I couldn’t be in my wife’s skin when she carried our child for nine months. I couldn’t feel the embryo transform into a fetus that stretched her belly and burdened her body, but that day by day revealed more and more the marvel that would grant me fatherhood. When she gave birth, my bystander status ended, I had to learn much, but the one thing I knew instinctively was that for as long as I lived, I’d do whatever it took to keep my child safe. I’m sure this sense of responsibility comes to all parents, in the same way at about the same time.
So it’s no surprise we see this commitment acting itself out in the actions of the asylum seekers now pressed against our southern border, the ones being arrested—the one’s being ripped apart from their children. Reason tells us that people throughout the world are like us and that they’d bravely suffer for their children, and that they’d grieve profoundly, if they lost them.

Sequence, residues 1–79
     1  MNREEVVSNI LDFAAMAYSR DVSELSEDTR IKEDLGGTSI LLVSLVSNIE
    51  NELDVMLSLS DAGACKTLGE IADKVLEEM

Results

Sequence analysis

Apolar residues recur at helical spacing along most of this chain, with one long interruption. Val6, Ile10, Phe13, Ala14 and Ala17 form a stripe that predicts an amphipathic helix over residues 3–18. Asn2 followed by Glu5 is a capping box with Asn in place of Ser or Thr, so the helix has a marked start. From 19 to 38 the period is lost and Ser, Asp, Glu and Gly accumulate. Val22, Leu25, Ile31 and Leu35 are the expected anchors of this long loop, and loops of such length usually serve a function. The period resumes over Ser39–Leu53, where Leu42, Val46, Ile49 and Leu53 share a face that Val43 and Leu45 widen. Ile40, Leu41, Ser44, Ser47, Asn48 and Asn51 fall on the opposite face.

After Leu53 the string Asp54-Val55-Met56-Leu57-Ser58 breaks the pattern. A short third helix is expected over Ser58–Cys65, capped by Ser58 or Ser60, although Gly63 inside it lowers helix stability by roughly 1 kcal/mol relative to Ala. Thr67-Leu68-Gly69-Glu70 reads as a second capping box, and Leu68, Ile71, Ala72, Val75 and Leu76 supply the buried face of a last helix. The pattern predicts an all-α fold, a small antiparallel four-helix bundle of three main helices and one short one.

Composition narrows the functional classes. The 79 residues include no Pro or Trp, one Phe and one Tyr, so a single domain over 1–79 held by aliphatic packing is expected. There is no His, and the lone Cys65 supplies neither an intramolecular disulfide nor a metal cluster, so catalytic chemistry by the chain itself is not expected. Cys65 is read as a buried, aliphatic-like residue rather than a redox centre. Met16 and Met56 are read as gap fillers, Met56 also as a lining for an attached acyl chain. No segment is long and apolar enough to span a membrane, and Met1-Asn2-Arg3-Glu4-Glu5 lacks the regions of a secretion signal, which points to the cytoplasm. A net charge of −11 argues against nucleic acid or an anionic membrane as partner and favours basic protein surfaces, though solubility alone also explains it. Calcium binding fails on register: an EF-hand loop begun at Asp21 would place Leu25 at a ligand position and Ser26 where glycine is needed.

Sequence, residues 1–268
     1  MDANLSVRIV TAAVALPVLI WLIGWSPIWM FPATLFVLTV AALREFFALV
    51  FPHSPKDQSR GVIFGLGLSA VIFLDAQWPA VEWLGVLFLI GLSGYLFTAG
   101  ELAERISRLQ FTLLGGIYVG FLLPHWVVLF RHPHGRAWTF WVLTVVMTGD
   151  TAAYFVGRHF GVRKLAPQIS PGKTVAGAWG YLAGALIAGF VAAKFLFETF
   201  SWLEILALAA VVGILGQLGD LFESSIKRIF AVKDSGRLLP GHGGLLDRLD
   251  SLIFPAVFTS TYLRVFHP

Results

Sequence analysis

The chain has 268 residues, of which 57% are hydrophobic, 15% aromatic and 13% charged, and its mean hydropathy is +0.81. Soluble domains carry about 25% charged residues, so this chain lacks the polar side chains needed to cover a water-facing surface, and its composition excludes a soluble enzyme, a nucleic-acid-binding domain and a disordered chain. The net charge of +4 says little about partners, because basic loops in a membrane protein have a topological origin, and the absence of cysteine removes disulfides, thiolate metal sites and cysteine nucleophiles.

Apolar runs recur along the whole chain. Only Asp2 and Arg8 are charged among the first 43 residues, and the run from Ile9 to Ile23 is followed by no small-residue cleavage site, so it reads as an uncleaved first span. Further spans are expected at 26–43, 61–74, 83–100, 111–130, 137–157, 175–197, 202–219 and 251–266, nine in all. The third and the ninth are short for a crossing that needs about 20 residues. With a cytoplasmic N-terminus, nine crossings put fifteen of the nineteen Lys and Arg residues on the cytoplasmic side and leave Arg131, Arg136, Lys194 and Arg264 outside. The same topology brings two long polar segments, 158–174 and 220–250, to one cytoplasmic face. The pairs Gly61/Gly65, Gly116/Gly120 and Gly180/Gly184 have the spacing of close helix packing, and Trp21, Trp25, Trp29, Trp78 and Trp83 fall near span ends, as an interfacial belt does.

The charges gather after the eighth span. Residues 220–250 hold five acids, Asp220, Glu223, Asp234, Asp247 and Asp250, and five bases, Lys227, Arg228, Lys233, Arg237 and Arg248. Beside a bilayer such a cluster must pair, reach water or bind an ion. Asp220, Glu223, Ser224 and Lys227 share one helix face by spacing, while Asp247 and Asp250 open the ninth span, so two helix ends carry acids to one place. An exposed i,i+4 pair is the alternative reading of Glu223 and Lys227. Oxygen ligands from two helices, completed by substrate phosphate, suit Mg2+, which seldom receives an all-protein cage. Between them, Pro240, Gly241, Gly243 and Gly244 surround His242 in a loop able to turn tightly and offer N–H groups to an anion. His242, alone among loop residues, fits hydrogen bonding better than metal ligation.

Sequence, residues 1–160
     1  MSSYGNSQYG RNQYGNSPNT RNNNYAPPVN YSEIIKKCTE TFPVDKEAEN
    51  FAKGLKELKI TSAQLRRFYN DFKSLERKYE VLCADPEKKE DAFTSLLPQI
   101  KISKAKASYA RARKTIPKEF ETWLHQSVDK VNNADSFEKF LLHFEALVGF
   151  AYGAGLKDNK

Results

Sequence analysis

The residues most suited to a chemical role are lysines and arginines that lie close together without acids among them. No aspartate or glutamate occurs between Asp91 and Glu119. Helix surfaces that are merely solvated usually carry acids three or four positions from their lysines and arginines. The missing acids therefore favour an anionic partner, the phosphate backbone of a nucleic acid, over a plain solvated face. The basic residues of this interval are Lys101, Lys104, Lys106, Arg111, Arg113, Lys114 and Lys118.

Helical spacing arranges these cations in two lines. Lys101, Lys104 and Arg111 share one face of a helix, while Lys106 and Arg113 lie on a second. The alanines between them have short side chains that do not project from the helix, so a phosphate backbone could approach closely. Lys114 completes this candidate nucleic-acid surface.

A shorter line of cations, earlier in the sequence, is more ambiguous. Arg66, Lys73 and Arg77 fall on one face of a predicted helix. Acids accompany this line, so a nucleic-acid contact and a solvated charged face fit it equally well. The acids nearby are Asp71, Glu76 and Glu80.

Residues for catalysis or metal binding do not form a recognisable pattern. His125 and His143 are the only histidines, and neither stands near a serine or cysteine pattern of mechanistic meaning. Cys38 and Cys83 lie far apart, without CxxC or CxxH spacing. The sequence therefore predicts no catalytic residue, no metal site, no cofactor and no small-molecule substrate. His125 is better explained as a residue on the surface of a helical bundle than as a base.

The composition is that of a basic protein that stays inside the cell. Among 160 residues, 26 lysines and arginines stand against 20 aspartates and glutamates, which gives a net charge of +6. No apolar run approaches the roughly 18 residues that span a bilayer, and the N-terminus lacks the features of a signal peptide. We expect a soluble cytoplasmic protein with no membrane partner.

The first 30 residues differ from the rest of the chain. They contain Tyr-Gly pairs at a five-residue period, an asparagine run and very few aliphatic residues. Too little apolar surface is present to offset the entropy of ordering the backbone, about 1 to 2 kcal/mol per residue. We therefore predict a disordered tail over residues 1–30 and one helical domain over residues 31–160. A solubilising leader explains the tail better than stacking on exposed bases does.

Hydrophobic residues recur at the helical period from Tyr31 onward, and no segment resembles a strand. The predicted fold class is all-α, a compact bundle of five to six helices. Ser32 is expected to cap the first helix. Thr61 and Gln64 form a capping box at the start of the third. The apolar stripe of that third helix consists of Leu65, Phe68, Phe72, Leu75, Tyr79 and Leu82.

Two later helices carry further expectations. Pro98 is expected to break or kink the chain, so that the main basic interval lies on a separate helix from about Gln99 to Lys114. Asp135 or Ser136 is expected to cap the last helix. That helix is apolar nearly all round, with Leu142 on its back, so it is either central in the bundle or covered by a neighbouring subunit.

Psalms 31:7 says “I will be glad and rejoice in your love, for you saw my affliction and knew the anguish of my soul.” As mortals we cannot truly feel the physical and mental grief of our fellow parents when beset by strangers who, like King Herod, upon hearing about the birth of Christ, strip their babies from the mother’s bosom. It tears the fabric of one’s soul. Words like agonizing, excruciating, or numbing only imprecisely describe the pain from the loss of a child. But, we can empathize, and that should cause us to feel sickened by this cruelty.
Ask ourselves, what kind of people are we if we accept the brutality that our government now wages against these parents and their children. What kind of people are we if we stand by leaders that punish a child and parents for reacting to poverty, violence, and wanting to find a secure place to live. What kind of human being would carry out a police action that destroys or cripples forever, children and mostly young mothers, who are people, just like us?